Port Angeles sewage overflow under scrutiny

City penalty unlikely

PORT ANGELES — The state Department of Ecology is reviewing the city’s Dec. 21 rainfall-swollen overflow of 1.5 million gallons of untreated sewage and stormwater runoff into Port Angeles Harbor.

The deluge, which overloaded the city’s 4-year-old, $46 million combined sewer overflow (CSO) system and inundated the region, appears to have “overwhelmed the system as it was designed,” Steve Ogle, Ecology’s lead engineer for municipal operations for the southwest office, said Wednesday.

It was Port Angeles’ second combined sewer overflow in 2020; the first two since the costliest public works project in the city’s history was completed in 2016.

In February, 452,000 gallons of sewage and runoff spilled into the harbor, overwhelming the CSO system. During the storm, 17,000 gallons of sewage and stormwater bubbled up from a manhole at N and Fourth streets between Ediz Hook and the Elwha River and gushed into the Strait of Juan de Fuca.

The CSO system was built to keep such overflows to a minimum, city officials said. During an October 2013 rainfall, 8 million gallons of raw sewage and stormwater discharged from the city’s four outfalls — two at the downtown waterfront esplanade and one each at Peabody Creek near its entry point to the harbor and at Francis Street Park.

According to the city’s 59-page waste discharge permit, the outfall locations are at Oak Street and Railroad Avenue. Laurel Street and Railroad Avenue, and at Peabody Creek, with a fourth primary outfall using the Strait as the receiving body of water. To see the permit, go to ecologypermitpa.

City and state officials say the system built in 2016 was intended — to a point — to prevent stormwater and raw sewage from pouring into a harbor already sullied by timber mill-related industrial waste.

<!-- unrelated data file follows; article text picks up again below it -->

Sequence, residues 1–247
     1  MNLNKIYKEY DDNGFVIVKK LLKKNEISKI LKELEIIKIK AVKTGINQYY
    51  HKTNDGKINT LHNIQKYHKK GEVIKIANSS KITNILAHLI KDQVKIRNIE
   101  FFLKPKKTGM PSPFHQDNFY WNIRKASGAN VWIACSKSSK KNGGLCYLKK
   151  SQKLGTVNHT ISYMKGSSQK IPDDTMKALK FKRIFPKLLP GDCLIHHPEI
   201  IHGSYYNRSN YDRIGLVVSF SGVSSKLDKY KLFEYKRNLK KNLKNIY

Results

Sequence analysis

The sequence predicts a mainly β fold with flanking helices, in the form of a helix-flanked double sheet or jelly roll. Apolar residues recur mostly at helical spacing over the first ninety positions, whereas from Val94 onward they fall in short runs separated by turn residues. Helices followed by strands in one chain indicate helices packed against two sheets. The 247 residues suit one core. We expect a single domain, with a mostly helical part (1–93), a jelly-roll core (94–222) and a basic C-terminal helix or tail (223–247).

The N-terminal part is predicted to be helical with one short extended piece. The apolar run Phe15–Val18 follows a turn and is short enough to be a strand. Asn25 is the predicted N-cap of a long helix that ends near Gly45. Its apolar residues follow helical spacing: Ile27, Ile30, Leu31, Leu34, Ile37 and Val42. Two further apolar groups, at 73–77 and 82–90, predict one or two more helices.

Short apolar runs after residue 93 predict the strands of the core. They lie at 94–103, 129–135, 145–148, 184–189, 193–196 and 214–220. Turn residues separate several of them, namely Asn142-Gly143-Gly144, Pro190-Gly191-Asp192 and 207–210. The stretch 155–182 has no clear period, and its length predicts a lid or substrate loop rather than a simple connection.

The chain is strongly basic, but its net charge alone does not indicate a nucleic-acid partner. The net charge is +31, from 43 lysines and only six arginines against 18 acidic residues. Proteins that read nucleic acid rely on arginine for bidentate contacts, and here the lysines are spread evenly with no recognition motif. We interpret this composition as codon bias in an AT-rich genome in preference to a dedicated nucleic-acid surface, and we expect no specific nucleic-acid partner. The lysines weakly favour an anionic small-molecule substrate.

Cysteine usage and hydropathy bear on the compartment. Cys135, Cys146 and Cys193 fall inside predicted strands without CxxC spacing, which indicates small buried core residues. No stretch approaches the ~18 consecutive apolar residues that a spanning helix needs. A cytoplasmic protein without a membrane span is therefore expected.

“We’re still gathering information, still talking to the city, and from what it seems, they have complied with reporting requirements, and they did that in a timely manner for all four locations,” Ogle said of the Dec. 21 CSO release.

“We’re not necessarily looking at a penalty. We’re just gathering information and trying to understand what happened.

“Lessons learned and other ways to manage that if we have a recurrence, those are probably the key things we’ll be looking at,” Ogle said, adding, “there’s a good chance we will see this again.”

Climate change

That will likely be due in part to climate change, Ogle said.

“It’s hard to say what will happen in the future, but things definitely seem to be going that way, with climate change predicted that we see, so it’s wise to plan ahead,” he said.

“The increased intensity and duration of those [rain] events is an expected part of the climate changing.”

The city’s CSO system overflow management apparatus was designed using scientific data and rain projections utilized a half-decade ago, Ogle said, calling the Dec. 21 rainfall “an outlier event where actual rainfall exceeds projections, and this could be one of those events.”

Review in progress

Ogle said the agency’s review of the CSO release should be completed by spring and definitely by the summer.

“If enforcement become’s part of the incident,” he said, “they will know something by summertime.”